radare2 aims to create a complete, portable, multi-architecture, Unix-like toolchain for reverse engineering. It is composed of a hexadecimal editor (radare) with a wrapped I/O layer supporting multiple backends for local/remote files, debugger (OS X, BSD, Linux, W32), stream analyzer, assembler/disassembler (rasm) for x86, ARM, PPC, m68k, Java, MSIL, and SPARC, code analysis modules, and scripting facilities. It also has a bindiffer named radiff, base converter (rax), a shellcode development helper (rasc), a binary information extractor supporting PE, Mach0, ELF, class, etc. named rabin, and a block-based hash utility called rahash. Radare was rewritten as radare2, and the old version is only maintained for bugfixes.
radmind is a suite of Unix command-line tools and a server designed to remotely administer the file systems of multiple Unix machines. At its core, radmind operates as a tripwire. It is able to detect changes to any managed filesystem object, e.g. files, directories, links, etc. However, radmind goes further than just integrity checking: once a change is detected, radmind can optionally reverse the change. Each managed machine may have its own loadset composed of multiple, layered overloads. This allows, for example, the operating system to be described separately from applications. Loadsets are stored on a remote server. By updating a loadset on the server, changes can be pushed to managed machines.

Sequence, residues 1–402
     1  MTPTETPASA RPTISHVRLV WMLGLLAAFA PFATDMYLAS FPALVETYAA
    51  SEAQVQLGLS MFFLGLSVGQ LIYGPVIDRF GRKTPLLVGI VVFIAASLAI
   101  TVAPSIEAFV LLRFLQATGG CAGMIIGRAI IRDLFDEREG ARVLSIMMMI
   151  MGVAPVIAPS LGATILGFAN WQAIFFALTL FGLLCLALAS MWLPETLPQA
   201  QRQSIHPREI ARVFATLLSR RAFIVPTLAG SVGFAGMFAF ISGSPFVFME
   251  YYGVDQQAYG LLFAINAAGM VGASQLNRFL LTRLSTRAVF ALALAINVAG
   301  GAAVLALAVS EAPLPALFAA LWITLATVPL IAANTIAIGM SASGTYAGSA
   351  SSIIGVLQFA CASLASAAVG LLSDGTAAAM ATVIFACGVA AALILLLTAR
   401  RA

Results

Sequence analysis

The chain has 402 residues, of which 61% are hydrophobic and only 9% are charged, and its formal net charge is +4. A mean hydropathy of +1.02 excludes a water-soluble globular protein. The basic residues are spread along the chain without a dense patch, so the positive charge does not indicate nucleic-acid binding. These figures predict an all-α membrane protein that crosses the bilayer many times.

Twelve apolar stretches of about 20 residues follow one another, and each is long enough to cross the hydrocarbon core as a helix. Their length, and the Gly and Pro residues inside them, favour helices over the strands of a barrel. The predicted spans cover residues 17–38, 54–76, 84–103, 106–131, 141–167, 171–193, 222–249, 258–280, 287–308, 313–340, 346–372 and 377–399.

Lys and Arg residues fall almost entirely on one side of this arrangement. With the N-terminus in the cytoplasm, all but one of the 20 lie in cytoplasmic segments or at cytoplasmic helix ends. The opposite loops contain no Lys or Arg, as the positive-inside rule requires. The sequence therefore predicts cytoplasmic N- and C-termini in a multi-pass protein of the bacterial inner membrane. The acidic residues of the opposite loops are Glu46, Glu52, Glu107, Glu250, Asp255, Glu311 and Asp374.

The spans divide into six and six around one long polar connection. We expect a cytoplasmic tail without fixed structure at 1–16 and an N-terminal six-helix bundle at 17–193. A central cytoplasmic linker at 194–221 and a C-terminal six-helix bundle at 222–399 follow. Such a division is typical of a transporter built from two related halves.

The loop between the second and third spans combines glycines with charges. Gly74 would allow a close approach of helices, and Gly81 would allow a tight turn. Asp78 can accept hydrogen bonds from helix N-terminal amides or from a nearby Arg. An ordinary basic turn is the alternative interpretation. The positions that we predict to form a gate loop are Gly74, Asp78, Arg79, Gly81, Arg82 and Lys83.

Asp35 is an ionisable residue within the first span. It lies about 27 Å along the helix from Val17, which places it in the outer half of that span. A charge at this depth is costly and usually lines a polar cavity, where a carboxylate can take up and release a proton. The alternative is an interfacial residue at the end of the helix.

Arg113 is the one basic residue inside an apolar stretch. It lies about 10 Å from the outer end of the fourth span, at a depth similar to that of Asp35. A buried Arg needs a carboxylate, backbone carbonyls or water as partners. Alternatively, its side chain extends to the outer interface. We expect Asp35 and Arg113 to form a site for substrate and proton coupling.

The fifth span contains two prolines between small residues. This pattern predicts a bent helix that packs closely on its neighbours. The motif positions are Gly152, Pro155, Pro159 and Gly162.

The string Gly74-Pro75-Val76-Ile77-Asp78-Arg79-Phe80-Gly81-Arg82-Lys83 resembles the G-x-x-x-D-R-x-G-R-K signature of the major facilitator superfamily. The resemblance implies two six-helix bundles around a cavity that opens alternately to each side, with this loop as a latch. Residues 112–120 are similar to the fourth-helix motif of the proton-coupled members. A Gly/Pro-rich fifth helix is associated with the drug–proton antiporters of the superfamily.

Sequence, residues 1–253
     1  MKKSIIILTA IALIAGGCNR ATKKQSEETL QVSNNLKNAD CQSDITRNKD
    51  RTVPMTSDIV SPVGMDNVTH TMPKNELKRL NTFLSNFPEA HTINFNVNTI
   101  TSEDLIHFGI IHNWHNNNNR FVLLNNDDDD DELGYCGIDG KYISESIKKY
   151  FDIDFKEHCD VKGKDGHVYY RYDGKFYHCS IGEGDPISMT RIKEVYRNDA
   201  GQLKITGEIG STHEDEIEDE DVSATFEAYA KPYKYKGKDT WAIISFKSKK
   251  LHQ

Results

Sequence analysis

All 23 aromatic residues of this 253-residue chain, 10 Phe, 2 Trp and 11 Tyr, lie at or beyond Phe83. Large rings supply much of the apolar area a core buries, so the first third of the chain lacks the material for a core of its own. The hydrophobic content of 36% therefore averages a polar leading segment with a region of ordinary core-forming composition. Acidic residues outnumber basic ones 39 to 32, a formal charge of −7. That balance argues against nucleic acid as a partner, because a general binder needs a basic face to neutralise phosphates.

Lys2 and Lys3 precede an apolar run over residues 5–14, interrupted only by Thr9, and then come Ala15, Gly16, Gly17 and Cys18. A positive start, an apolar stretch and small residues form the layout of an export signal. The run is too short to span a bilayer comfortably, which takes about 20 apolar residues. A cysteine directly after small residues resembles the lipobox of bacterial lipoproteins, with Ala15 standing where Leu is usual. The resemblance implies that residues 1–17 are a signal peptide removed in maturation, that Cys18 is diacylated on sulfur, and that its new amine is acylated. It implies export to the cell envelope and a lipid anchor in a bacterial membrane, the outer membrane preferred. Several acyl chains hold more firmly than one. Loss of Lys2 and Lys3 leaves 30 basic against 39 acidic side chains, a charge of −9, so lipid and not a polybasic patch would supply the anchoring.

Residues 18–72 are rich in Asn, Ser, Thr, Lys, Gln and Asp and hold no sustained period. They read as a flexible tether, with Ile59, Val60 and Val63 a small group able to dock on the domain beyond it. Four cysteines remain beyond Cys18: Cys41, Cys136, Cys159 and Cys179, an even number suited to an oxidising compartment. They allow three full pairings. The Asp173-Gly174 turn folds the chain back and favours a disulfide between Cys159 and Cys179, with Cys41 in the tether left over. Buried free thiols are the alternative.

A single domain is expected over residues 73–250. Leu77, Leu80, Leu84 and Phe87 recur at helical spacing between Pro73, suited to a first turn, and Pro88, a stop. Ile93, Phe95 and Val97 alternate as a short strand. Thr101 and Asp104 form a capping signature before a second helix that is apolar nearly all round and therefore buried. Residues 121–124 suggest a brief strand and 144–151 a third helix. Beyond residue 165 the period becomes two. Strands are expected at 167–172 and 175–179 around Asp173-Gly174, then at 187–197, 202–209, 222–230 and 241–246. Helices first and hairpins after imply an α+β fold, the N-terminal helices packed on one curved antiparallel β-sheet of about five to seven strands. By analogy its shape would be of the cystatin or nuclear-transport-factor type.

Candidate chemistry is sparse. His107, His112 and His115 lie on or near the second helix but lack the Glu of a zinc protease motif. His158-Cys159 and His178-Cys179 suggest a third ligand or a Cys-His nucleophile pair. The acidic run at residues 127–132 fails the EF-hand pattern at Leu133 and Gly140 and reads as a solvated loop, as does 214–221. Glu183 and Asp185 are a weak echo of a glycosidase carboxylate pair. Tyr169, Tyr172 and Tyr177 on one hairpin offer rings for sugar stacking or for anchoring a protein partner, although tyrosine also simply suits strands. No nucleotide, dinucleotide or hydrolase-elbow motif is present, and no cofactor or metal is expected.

ratproxy is a semi-automated, largely passive Web application security audit tool optimized for accurate and sensitive detection, and automatic annotation, of potential problems and security-relevant design patterns based on the observation of existing, user-initiated traffic in complex Web 2.0 environments.
Ruby appscript (rb-appscript) is a high-level, user-friendly Apple event bridge that allows you to control scriptable MacOS X applications using ordinary Ruby scripts. It is a port of the powerful, mature Python appscript package, making Ruby a serious alternative to Apple's own AppleScript language for automating your Mac.
rdiff-backup backs up one directory to another. The target directory ends up a copy of the source directory, but extra reverse diffs are stored in a special directory so you can still recover files lost some time ago. The idea is to combine the best features of a mirror and an incremental backup. rdiff-backup can also operate in a bandwidth- efficient manner over a pipe, like rsync. Thus you can use rdiff-backup and ssh to securely back up to a remote location, and only the differences will be transmitted. It can also handle symlinks, device files, permissions, ownership, etc., so it can be used on the entire file system.